|Place of origin||Soviet Union|
|Used by||See Operators|
|Manufacturer||Gorky Machine Building Plant|
|Crew||2 (4 in manual control mode)|
|Shell weight||12.4 kg|
|Recoil||380 to 500 mm|
|Elevation||-15° to +85°|
|Rate of fire||120 rds/min|
|Muzzle velocity||980 m/s|
|Effective firing range||10 km|
|Maximum firing range||15.5 km|
|Feed system||152 ready to fire rounds|
The AK-176 is a Soviet naval gun mounted in an enclosed turret, that may be used against sea, coastal, and aerial targets, including low flying anti-ship missiles. The system is designed to arm small displacement ships and comprises the Gun Mount with a MR-123-02/76 Fire Control Radar System. It has high survivability owing to autonomous use of the gun mount controlled from the optical sight in the absence of control from the radar system, as well as a capability for fire, if power supply is lost.
The gun is fed by 152 ready to fire rounds and has selectable rates of fire of 30, 60 and 120 rounds per minute. The 120 r.p.m. rate is achieved by firing a burst of 75, but afterwards the gun has to cool off for 30 minutes. The AK-176 is effective against missiles, being able to shoot down AT-2 Swatter (simulating a Harpoon anti-ship missile), taking an average of 25 rounds per kill.
In the late 1980s an upgraded version the AK-176M, with a new fire control system MR-123-02, television targeting and a laser rangefinder, was introduced. This gun, is still in production (AK-176M1) and is the primary medium-caliber artillery systems to all small Soviet ships and is widely exported.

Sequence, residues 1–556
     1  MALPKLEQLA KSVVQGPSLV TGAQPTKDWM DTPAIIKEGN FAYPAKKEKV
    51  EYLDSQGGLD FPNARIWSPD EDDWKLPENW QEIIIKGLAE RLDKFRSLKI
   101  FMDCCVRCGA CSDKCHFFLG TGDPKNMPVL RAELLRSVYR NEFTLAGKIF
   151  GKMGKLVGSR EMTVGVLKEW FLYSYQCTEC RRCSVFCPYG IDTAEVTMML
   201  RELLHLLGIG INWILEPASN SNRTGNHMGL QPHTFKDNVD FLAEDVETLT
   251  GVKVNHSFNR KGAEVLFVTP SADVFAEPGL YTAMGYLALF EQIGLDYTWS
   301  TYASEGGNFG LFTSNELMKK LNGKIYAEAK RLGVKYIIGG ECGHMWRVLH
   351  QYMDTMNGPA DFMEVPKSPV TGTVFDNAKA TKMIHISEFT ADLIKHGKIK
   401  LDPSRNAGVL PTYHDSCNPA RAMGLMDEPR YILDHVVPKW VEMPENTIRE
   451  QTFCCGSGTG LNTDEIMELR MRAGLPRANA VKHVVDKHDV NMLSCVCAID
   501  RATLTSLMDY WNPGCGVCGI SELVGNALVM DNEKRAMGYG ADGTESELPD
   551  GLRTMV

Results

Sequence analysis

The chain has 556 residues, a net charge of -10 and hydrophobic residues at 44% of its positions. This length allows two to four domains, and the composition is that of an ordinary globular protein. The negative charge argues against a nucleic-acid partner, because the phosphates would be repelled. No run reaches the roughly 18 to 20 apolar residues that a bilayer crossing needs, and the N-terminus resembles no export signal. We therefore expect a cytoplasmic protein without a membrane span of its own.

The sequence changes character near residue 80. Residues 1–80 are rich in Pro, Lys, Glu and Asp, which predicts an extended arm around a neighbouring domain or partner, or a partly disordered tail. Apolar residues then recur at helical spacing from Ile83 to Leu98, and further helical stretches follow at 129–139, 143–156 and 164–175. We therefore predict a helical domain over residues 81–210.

AK-176MA, a further upgrade of the design intended for newer ship classes, such as the Karakurt-class corvettes and project 22160-class patrol ships, completed its trials in 2017. The AK-176MA features improved accuracy, a stealthy turret design, and a significantly reduced weight of under 9 tonnes.
The equivalent NATO system is the Otobreda 76 mm another 120 rpm 3 inches gun, but the Soviet weapon predated it by several years, being in service since late '70s, while the 3rd gen Oto was ready around the mid '80s.
The 713th Institute (also known as Zhengzhou Electrical Engineering Research Institute) of China Shipbuilding Industry Corporation (CSIC) of the People's Republic of China has developed a Chinese variant of AK-176, with Mr. Chen Dingfeng (陈汀峰) as the general designer. Design begun in 2000 and was completed in 2003. The primary difference between this H/PJ-26 and AK-176 is that the Chinese variant adopts a stealthy turret design, and more composite material is used in the construction of the turret. In addition, ready rounds for the H/PJ-26 are doubled to 150 rounds from the original 75 of the AK-176.
- "В Петербурге испытали новую высокоточную артустановку для ВМФ" (in Russian). Rossiyskaya Gazeta. 3 March 2017. Retrieved 5 March 2017.
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